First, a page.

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Meshuggah Tabs Revealed to be Morse Code Distress Signal from Guitarist

RIVERBANK, Calif. — Meshuggah’s latest album The Violent Sleep Of Reason is riddled with hidden Morse code distress patterns from guitarist Fredrik Thordendal, according to diehard fan Dustin Reid, who made the discovery late last night.

Reid reportedly noticed a correlation between the short and long notation of the guitar tabs on the album, and the dots and dashes of official Morse code communication. The young metalhead translated the signals from Morse symbols to Swedish, and then from Swedish to English, with the help of an online translator.

“Like, there’s this one,” said Reid, simultaneously scrolling through his iTunes library and tugging his long ponytail. “The tabs from ‘Clockworks’ translate into, ‘I am hostage for 30 years. Forced to record formulaic metal. In ice cave near Mýrdalsjökull, Iceland. Send rescue team.’ This cannot be ignored any longer.”

While many within the metal world claim it is just a simple coincidence, Reid remained adamant that the tabs are a desperate cry for help.

“There are absolutely hidden messages here — it just keeps going. On ‘Stifled,’ if you listen to Thordendal’s solo, he’s clearly saying, ‘Due to contract stipulations I must unreservedly record with Meshuggah.  I haven’t seen sun in months. What hath God wrought,’” said Reid, tapping his fingers along with the solo. “I just hope my discovery can help the man. The sooner he’s free, the better.”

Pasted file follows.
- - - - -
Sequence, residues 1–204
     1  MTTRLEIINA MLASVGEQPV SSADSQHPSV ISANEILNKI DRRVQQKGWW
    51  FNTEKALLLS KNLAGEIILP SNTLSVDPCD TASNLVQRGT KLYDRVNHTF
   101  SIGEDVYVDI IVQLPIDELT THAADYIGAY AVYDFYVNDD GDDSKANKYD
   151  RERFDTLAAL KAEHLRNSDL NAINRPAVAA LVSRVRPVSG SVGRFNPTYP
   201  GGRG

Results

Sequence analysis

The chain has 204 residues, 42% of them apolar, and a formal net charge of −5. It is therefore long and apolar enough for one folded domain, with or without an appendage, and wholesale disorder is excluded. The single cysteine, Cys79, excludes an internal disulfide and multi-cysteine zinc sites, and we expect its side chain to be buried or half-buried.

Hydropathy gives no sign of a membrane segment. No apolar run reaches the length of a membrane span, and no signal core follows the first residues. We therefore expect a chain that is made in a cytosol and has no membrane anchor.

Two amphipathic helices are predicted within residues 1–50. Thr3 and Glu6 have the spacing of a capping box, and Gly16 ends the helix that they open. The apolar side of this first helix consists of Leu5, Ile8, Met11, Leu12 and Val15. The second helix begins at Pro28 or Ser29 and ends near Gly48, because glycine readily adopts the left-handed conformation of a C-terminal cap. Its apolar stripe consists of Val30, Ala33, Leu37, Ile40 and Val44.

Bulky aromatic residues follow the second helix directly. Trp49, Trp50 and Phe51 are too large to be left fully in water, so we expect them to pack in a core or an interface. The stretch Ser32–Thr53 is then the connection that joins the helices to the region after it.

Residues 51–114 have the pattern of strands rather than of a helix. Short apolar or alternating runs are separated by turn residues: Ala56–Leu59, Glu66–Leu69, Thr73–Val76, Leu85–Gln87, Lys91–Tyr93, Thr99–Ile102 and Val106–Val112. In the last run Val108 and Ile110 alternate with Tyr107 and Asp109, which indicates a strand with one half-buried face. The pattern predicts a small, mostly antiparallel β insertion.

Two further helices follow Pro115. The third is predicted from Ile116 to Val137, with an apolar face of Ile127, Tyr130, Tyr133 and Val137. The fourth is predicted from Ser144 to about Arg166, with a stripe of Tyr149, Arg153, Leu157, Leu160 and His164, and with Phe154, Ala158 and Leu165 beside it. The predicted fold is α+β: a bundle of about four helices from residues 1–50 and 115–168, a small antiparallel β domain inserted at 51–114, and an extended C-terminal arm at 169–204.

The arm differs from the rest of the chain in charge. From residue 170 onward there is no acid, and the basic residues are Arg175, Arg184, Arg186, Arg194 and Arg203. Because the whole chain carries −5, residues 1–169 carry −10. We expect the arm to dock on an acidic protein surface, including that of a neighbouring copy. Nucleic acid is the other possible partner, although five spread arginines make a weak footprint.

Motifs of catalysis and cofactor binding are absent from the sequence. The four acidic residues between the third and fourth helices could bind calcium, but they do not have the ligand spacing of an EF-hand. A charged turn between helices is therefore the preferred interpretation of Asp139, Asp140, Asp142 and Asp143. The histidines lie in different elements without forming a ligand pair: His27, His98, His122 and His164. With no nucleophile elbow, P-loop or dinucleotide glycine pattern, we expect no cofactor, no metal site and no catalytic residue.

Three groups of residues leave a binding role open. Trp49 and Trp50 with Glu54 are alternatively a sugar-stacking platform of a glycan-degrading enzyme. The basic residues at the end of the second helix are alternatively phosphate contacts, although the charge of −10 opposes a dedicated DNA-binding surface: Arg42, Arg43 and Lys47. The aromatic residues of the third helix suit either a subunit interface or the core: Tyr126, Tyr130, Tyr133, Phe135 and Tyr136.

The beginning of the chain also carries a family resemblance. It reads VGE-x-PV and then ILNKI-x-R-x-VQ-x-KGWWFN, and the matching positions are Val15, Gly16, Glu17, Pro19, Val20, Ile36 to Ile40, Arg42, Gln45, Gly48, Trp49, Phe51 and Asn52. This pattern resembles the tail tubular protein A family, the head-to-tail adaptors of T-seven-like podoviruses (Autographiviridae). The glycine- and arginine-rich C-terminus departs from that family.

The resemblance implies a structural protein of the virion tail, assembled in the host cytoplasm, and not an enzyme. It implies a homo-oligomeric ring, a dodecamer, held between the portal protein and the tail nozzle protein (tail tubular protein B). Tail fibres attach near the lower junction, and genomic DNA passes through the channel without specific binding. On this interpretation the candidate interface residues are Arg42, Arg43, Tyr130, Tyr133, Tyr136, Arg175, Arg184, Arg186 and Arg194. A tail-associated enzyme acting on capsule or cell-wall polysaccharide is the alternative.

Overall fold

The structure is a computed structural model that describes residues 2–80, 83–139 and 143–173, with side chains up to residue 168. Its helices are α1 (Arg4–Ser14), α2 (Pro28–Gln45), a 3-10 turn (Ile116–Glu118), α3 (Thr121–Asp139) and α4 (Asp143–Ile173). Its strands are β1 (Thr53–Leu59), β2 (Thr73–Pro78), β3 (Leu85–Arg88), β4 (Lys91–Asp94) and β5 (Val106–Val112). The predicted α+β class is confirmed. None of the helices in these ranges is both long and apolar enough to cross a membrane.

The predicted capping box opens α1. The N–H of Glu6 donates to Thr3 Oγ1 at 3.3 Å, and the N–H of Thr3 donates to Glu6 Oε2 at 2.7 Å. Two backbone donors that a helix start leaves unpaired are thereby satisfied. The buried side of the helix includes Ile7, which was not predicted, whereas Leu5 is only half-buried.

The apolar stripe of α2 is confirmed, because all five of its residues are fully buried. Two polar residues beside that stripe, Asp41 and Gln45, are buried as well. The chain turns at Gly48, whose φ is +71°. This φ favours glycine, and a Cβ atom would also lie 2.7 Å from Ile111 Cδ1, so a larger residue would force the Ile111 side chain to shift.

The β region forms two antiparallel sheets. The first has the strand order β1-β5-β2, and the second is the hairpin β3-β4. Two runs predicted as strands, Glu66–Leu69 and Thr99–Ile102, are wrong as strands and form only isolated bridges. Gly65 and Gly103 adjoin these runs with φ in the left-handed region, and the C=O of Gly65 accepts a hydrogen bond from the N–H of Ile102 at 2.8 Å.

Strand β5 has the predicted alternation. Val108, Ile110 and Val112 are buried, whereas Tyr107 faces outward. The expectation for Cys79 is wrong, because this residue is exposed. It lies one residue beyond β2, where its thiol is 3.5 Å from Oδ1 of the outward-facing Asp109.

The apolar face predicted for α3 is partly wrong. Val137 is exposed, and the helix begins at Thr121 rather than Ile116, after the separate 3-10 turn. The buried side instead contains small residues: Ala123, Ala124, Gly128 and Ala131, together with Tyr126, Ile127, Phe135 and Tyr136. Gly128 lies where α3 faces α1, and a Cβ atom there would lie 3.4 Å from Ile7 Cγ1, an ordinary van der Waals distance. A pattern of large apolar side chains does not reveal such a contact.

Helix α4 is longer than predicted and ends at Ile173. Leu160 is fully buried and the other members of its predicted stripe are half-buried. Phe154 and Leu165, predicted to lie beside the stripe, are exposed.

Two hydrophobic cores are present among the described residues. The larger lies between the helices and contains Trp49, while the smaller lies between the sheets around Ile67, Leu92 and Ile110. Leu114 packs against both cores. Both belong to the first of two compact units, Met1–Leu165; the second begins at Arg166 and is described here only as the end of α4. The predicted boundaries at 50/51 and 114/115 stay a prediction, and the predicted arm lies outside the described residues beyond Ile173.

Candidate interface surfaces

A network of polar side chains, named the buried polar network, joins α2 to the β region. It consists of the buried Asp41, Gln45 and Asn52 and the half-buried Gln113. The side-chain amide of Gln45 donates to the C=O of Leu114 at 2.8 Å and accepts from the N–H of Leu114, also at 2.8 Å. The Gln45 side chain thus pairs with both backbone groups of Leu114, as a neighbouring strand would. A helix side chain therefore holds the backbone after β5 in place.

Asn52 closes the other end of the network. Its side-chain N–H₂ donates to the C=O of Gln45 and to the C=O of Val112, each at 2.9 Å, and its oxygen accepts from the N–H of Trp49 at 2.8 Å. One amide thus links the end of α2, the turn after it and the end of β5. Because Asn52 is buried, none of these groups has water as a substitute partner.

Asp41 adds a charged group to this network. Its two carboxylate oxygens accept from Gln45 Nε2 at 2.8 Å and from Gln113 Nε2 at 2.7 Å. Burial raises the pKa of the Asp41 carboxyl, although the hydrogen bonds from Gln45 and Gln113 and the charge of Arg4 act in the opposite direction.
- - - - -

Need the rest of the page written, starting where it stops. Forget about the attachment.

Meshuggah’s manager Lucas Nilsson quickly responded to Reid’s claim earlier this morning.

“Listen, everybody — Fredrik is fine. He’s at home resting, and will continue to rest at home until the next Meshuggah album. He’s a very private person and does not want to be bothered,” said Nilsson. “He loves his metal family. I talked with him yesterday, and I assure you, he was in good spirits.”

Swedish authorities reportedly have no plans to pursue Reid’s claims.

“We have reviewed the tabs. Although they are quite compelling, we believe nothing can be done right now,” said one Swedish official, who wished to remain anonymous. “We believe Meshuggah still has at least one more good album left in them, and we don’t want to screw up that chemistry just yet.”

Photo by Robban Kanto.